Marin Sorescu

Marin Sorescu
Minister of Culture of Romania
In office
25 November 1993 – 5 May 1995
Prime MinisterNicolae Văcăroiu
Preceded byPetre Sălcudeanu
Succeeded byViorel Mărginean
Personal details
Born(1936-02-29)29 February 1936
Bulzești, Dolj County, Kingdom of Romania
Died8 December 1996(1996-12-08) (aged 60) (Myocardial infarction)
Bucharest, Romania
Political partyIndependent politician
EducationFaculty of Letters, Alexandru Ioan Cuza University (1955–1960)
AwardsHerder Prize (1991)

Marin Sorescu (Romanian pronunciation: [maˈrin soˈresku] ; 29 February 1936 – 8 December 1996) was a Romanian poet, playwright, and novelist.

His works were translated into more than 20 countries, and the total number of his books that were published abroad rises up to 60 books. He has also been known for his painting, and he opened many art exhibits in Romania and abroad. He occupied the position of Minister of Culture within the Nicolae Văcăroiu Cabinet, without being a member of any political party, after the Romanian Revolution of 1989 (from 25 November 1993 to 5 May 1995).


Born to a family of farmworkers in Bulzești, Dolj County, Sorescu graduated from the primary school in his home village. After that he went to the Frații Buzești High School in Craiova, after which he was transferred to the Predeal Military School. His final education was at the University of Iași, where, in 1960, he graduated with a degree in modern languages. His first book, a collection of parodies in 1964 entitled Singur printre poeți ("Alone Among Poets"), was widely discussed. He himself called them "sarcastic and awkward". Ten volumes of poetry and prose followed, having a very rapid ascension in the world of literary, as a poet, novelist, playwright, essayist. He grew so popular that his readings were held in football stadiums. In 1971, he was a resident of the International Writing Program at the University of Iowa.

On his poetry, Sorescu said, with characteristic irony: "Just as I can't give up smoking because I don't smoke, I can't give up writing because I have no talent." He often claimed a sense of alienation, saying "the spoken word is a crossed frontier. By the act of saying something, I fail to say many other things." On censorship, he said, after his last, post-1989 Revolution volumes were delayed, "we have won our freedom, so I mustn't complain. O censors, where are you now?"

Sorescu's collection of Censored Poems comprised poems which could not be published until after the Nicolae Ceaușescu Communist dictatorship; of these, the best known is House under surveillance.

Iona, the play written by Marin Sorescu and first published in 1968 is widely considered a true masterpiece. The biblical myth says the prophet Iona (Jonah) was swallowed by a whale. In his play, Sorescu takes the story further and imagines what happens to Iona while he was inside the whale. "The most terrible part of the play is when Iona loses his echo", writes Sorescu in the foreword of this play. "Iona was alone, but his echo was whole. He shouted: Io-na, and his echo answered: Io-na. Then, it remained just half of the echo. He shouted Io-na, but all he could hear was Io. Io, in some ancient language, means me". Iona was played to a full house in Bucharest in 1969, but the tragedy was quickly withdrawn, because its content was considered too controversial.

Ill with cirrhosis and hepatitis, he died from a heart attack at the Elias Hospital [ro] in Bucharest, aged 60.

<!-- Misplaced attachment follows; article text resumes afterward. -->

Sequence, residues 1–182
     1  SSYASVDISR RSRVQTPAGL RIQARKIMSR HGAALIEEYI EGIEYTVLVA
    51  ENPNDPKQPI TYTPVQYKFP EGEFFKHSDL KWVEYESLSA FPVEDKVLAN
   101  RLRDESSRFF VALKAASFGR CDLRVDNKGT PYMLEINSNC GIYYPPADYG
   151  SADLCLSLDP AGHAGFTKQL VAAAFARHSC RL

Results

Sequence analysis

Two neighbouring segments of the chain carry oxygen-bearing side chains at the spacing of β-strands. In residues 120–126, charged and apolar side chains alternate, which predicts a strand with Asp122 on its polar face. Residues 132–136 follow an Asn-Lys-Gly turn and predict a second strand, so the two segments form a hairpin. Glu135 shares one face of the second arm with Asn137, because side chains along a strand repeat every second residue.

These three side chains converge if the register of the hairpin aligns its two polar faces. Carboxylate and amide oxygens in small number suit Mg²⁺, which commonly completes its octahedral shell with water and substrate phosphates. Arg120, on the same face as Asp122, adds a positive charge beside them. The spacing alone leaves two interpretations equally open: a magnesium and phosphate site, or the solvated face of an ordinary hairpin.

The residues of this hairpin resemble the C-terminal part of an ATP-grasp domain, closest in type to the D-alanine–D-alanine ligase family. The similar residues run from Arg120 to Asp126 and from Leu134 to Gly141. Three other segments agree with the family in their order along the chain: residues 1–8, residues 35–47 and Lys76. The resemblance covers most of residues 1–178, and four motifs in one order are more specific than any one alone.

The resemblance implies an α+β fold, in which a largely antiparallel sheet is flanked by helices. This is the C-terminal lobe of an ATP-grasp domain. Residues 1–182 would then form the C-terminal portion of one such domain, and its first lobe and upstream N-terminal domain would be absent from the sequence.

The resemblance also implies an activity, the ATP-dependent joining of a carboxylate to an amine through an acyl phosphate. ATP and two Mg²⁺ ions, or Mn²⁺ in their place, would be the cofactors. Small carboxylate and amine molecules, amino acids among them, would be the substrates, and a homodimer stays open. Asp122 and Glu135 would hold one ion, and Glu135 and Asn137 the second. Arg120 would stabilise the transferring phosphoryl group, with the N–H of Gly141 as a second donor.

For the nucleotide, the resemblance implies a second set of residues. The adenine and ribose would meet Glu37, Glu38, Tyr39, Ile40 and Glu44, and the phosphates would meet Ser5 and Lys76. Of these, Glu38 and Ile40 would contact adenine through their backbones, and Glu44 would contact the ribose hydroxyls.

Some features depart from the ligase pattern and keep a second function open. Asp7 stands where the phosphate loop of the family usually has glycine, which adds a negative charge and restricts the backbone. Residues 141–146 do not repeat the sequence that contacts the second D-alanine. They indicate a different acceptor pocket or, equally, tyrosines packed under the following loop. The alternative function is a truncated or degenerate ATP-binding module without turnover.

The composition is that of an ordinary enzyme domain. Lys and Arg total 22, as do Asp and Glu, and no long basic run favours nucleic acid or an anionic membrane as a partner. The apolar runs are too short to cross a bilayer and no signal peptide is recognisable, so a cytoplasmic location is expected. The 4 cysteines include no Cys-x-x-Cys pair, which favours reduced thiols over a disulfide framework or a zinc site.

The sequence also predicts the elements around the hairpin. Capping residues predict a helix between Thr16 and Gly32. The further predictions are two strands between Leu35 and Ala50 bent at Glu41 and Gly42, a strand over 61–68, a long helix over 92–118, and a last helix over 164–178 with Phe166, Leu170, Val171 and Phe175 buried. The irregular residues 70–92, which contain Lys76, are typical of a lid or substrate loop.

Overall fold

Collections of Sorescu in English translation

  • Marin Sorescu- Selected Poems (from 6 collections, 1965-73), translated Michael Hamburger (Bloodaxe, 1983) ISBN 0-906427-48-7
  • The Biggest Egg in the World, translated by Ted Hughes, Seamus Heaney &c., ed. Edna Longley (Bloodaxe, 1987)
  • Hands Behind My Back: Selected Poems, trans. Gabriela Dragnea, Adriana Varga, & Stuart Friebert (Oberlin College Press, 1991). ISBN 0-932440-58-4
  • Censored Poems, translated John Hartley Williams & Hilde Ottschofski (Bloodaxe, 2001)
  • The Bridge (Poems written by Sorescu on his death bed), translated Adam J Sorkin & Lidia Vianu (Bloodaxe, 2004)

Sorescu in English language anthologies

  • An Anthology of Contemporary Romanian Poetry (contains 22 poems by Sorescu), translated by Andrea Deletant and Brenda Walker (Forest Books, 1984) ISBN 0-9509487-4-8
  • The Faber Book of Modern European Poetry, ed. A. Alvarez (Faber and Faber, 1992) ISBN 0-571-14321-0
  • The Vintage Book of Contemporary World Poetry (pg. 219), edited by J.D. McClatchy (Vintage, 1996) ISBN 0-679-74115-1
  • Bloodaxe Poetry Introductions: Enzensberger, Holub, Sorescu (contains 21 poems by Sorescu), ed. Neil Astley (Bloodaxe, 2006)
  • Born in Utopia – An anthology of Modern and Contemporary Romanian Poetry - Carmen Firan and Paul Doru Mugur (editors) with Edward Foster – Talisman House Publishers – 2006 – ISBN 1-58498-050-8
  • Testament – Anthology of Modern Romanian Verse - American EditionDaniel Ioniță (editor and translator) with Eva Foster, Rochelle Bews, and Daniel Reynaud – monolingual English language edition – Australian-Romanian Academy Publishing – 2017 – ISBN 978-0-9953502-0-5
  • 2019 -Testament - 400 Years of Romanian Poetry/400 de ani de poezie românească - Minerva Publishing 2019 - Daniel Ioniță (editor and principal translator) assisted by Daniel Reynaud, Adriana Paul and Eva Foster. ISBN 978-973-21-1070-6
  • 2020 - Romanian Poetry from its Origins to the Present - bilingual edition - Daniel Ioniță (editor and principal translator) with Daniel Reynaud, Adriana Paul and Eva Foster - Australian-Romanian Academy Publishing - 2020 - ISBN 978-0-9953502-8-1 ; OCLC 1288167046


He was also nominated to the Nobel Prize in Literature.


See also

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